IMO I think it may well be the spot, but as someone pointe dout earlier, AA used to be a quarry. Whether it was a reservoir before this time remains to be seen.
It is my understanding there has been an area of water here for some time. Open-cast coal mining (technically this is quarrying, but for coal!) has completely changed the landscape to the east and south of the park, so it is very difficult to tell how it used to be. As the land was part of the Shipley Hall estate a lake is likely as a standard feature of a large estate, a status symbol if you like!
I recall a reference to the lake being made bigger after mining somewhere but I can't think where. Also, somewhere I have seen a map from the 70s which definately shows water here, It might be at my dad's, I'll check next time I go.
The bridges at the bottom of the lake are very old and obviously crossed water courses. The abutments where you now go into the park took the same roadway over a railway line, the Great Northern Railway branch to Heanor (from Ilkeston). This would have seperated a then slightly smaller lake from the Woodside colliery sidings on the other side, probably at a higher level. The course of the railway north of the park is still shown on maps, I keep promising myself that one day I will have to investigate the area!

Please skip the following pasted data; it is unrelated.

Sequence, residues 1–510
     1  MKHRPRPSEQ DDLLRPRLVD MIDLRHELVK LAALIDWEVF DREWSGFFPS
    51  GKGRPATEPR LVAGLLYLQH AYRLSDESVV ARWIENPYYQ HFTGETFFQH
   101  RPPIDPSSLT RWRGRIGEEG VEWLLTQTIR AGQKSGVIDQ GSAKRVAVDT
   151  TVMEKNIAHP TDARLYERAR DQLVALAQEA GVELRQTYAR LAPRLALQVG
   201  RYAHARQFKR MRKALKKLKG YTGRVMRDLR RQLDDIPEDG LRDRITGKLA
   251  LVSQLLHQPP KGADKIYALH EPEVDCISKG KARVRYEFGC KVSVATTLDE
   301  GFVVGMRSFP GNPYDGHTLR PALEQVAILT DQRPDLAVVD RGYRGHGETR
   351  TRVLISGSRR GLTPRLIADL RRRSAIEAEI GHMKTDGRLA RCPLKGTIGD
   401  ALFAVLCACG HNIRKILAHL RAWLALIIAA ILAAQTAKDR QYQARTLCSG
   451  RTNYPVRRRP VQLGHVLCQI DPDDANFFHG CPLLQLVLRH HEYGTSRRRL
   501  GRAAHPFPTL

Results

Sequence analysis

A quick search found this page: http://www.canals.btinternet.co.uk/canals/nutbrook.htm
and from it:
"Shipley Hall used to stand on the land over to the west. The hall itself was demolished long ago and the estate was taken over by the NCB. However, the land is now part of Shipley Country Park and the remains of the hall are open to the public. There are two large stretches of water in the this area, both of which once supplied the canal. To the west is Mapperley Reservoir while to the east is Shipley Lake. The latter is now within the grounds of the American Adventure theme park. "
Good luck with the photos Sarah, this could get interesting!
Edit: Definately water there in 1887. From http://www.old-maps.co.uk/
(it's like an olde worlde multimap!!): http://www.old-maps.co.uk/oldmaps/index ... untyCode=8
Select the Derbyshire option given. Interestingly this map shows very little coliery development. The big blacked out area appears on the Nottinghamshire map, as the county boundary would have been different back then.